• Phil Beesley 20th Apr '20 - 1:32pm

    Steve Castree: “We need youth, we need direction, we need policies and we need charisma, and we need it all NOW.”

    We also need to reflect on the wisdom of age, that we should not respond to every impulse, that some things are obvious necessities, that one person’s perception of charisma might be viewed as smarm, and we needed it last month.

    All year, government has made mistakes. Every day the Conservative Party slips up. And how many Lib Dem press releases have made a story on BBC news or the broadsheets? Not blaming the Lib Dem press team for not having good stories, BTW.

    When a party comprises eleven MPs, it is correct to have an elected leader. But can’t eleven MPs just, you know, talk stuff over the phone and make some statements about how Lib Dems would address our situation. Support actions which Lib Dems support, criticise technical failures fairly, and have a go at illiberal actions.

    There is no point in having a new leader if s/he isn’t doing anything. And we will identify a possible leader when s/he brings the group together to say something interesting.

  • Not often (indeed never) that you see someone write that Starmer has charisma in spades.

  • @Steve Castree “As a first time attendee, very used to major sporting conferences or business conferences, I found it absolutely incredulous. ”

    Indeed. This lack of professional rigour has been a problem for many years and is a result of several interlocking problems. Namely: an unwieldy structure, a lack of funds, a lack of utilisation of existing expertise, and an over-supply of activists with no private sector experience.

  • We do need a leader,and NOW so we can compete when the virus declines

  • David Warren 20th Apr '20 - 2:55pm

    We certainly need some radical policies.

    In so many areas Health, Education or the Environment we are far to timid. It is almost as of we are going out of our way to be moderate for the sake of it.

    There is no intellectual impetus from the top of the party either and we badly need a restatement of our liberal values to be shared widely. If we think fervent activism backed up by numerous FOCUS leaflets is the answer then we are going to be disappointed.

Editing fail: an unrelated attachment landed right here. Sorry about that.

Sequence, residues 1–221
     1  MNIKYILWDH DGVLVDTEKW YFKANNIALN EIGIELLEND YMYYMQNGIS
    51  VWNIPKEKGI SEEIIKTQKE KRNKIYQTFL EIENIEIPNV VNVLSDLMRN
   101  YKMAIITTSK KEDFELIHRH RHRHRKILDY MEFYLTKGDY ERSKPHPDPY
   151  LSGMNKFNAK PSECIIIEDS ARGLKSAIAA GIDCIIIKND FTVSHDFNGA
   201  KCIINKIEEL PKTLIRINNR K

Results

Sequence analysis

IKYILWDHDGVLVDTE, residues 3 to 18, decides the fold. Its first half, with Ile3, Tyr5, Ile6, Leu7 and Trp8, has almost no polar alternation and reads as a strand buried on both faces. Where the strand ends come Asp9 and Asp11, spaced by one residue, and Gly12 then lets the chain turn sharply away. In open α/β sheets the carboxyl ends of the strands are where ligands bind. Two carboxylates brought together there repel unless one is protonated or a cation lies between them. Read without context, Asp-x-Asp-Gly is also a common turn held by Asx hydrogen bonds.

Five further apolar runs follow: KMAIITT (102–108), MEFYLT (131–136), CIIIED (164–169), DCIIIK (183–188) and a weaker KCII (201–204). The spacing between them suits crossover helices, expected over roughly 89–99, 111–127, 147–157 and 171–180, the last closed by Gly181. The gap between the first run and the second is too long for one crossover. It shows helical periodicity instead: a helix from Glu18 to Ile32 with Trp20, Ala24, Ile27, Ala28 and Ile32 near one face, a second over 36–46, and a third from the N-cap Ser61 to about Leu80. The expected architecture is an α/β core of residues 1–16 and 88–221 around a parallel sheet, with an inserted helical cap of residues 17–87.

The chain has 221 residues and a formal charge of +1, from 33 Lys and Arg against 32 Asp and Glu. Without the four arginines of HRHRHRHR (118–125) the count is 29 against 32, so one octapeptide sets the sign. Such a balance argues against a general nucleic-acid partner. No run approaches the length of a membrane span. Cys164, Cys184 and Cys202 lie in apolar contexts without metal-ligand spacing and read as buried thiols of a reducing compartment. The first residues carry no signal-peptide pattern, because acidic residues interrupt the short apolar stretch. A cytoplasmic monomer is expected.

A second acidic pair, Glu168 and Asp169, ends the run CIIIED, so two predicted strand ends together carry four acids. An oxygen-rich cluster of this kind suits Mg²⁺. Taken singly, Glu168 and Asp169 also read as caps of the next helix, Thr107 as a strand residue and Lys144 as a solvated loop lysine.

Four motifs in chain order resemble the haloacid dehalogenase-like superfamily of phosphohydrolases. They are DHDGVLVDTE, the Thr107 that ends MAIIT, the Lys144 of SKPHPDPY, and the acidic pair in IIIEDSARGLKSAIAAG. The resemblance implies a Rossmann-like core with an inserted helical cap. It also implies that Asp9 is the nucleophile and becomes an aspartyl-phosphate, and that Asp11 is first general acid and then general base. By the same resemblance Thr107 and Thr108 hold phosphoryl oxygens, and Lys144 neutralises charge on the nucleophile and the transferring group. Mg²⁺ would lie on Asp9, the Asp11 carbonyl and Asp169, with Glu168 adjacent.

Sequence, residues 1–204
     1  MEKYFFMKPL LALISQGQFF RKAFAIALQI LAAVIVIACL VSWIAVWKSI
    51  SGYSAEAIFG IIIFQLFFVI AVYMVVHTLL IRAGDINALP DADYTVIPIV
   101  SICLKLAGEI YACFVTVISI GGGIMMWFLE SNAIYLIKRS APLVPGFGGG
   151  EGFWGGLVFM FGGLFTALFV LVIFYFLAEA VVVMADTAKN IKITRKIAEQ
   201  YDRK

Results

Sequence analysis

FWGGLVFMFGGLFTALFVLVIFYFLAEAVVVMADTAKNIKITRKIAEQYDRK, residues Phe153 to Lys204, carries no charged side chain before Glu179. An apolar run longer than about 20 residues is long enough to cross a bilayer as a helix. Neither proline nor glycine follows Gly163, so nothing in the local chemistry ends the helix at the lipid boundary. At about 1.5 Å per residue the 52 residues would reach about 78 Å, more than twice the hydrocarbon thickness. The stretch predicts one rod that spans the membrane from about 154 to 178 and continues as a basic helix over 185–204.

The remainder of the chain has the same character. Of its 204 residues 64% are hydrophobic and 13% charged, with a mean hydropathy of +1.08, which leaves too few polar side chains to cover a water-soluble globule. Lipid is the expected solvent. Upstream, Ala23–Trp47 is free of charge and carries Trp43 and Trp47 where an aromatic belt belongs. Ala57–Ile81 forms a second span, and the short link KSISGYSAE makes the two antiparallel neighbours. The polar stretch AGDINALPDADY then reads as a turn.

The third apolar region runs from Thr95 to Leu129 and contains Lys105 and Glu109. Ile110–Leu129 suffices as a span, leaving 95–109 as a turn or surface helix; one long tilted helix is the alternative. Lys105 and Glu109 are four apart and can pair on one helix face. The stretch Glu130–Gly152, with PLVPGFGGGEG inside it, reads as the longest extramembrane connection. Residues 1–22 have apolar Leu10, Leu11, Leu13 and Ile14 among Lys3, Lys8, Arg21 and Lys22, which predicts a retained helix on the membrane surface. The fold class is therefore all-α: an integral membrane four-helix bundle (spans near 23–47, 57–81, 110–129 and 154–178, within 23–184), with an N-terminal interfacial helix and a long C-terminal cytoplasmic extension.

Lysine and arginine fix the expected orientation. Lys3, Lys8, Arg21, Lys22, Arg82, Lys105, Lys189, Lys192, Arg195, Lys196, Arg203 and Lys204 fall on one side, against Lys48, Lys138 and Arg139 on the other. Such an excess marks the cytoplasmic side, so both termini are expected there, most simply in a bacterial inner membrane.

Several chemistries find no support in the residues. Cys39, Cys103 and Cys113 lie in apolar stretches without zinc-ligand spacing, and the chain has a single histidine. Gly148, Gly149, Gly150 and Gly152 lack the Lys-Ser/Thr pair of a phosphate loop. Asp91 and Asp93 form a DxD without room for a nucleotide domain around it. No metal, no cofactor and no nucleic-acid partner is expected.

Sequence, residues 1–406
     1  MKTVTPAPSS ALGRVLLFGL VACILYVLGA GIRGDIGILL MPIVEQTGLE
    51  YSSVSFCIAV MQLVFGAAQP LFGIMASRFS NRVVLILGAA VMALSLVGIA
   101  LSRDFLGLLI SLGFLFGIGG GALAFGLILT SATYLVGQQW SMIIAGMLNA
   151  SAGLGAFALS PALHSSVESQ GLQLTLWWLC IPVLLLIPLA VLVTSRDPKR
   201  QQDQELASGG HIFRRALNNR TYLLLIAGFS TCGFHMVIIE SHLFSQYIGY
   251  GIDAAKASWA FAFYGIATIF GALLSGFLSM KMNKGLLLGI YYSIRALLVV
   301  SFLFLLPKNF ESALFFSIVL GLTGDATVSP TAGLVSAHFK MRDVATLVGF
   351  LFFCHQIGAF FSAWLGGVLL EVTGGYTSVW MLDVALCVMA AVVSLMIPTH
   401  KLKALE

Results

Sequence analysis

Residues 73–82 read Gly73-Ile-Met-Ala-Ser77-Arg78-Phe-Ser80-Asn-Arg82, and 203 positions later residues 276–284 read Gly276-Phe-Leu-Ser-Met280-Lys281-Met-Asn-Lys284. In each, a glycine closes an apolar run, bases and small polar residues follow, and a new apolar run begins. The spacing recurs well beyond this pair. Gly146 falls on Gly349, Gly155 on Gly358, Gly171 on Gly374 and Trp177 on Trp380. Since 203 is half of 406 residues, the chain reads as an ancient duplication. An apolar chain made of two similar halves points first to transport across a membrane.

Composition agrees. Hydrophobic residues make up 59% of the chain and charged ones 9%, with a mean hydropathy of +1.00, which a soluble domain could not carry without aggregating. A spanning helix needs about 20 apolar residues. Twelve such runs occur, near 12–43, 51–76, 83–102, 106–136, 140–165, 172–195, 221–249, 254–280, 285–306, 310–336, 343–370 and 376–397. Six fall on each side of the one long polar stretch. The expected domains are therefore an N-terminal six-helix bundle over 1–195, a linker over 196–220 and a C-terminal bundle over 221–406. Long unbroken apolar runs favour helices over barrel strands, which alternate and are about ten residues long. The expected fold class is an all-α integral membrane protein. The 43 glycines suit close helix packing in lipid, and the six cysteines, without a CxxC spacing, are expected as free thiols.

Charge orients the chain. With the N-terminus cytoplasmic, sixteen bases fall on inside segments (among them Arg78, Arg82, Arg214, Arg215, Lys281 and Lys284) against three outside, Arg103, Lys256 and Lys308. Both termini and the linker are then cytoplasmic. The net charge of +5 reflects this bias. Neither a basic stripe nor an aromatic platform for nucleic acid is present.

A new leader would be good but even better some strategists who don’t repeat the disastrous mistakes of the last three General Elections are urgently required.

  • David Warren

    Last FOUR General Elections!

  • Sue Sutherland 20th Apr '20 - 4:52pm

    I think the problem is we don’t make our policies from the bottom up or from the top down. They seem to arrive quite haphazardly from somewhere in the middle of the hierarchy, get worked on, and accepted or denied for conference and appear in the conference papers as a fairly disparate list that have been looked at in great detail but with no overarching design.
    I don’t want an authoritarian charismatic leader and I don’t think the party does either. We’ve had a least two, David Owen and Nick Clegg and both were a disaster. I’d like a leader who consulted with members over the party’s general approach to policy, both attitudes and priorities, the FPC to work up relevant policies and then conference to vote on them. Members should still have the right to put motions to conference.
    The basis for the leader’s consultation with members would be how to achieve the optimum for national and local communities, not dogma about the role of the state. We need creative thinking about the economy, especially in the light of the pandemic, which might be best served by getting Liberal Reform and Social Liberal Democrats together with the Green Liberal Democrats rather than thinking in isolationist groups mistrusting each other.

  • Brian Edmonds 20th Apr '20 - 5:19pm

    I’m not sure in what lofty capacity you attended those important conferences, Steve, but I’m not persuaded by pontifications from anyone who is unaware that people are incredulous, whereas things are incredible. Nor by yet another appeal for a new leader to descend upon us from who knows where, brimming with charisma and charm. There’s only one vaguely engaging and charismatic member of the PP, and it would seem that Alastair is far too canny, and happy with his life, to put himself in the firing line.

  • Katharine Pindar 20th Apr '20 - 7:59pm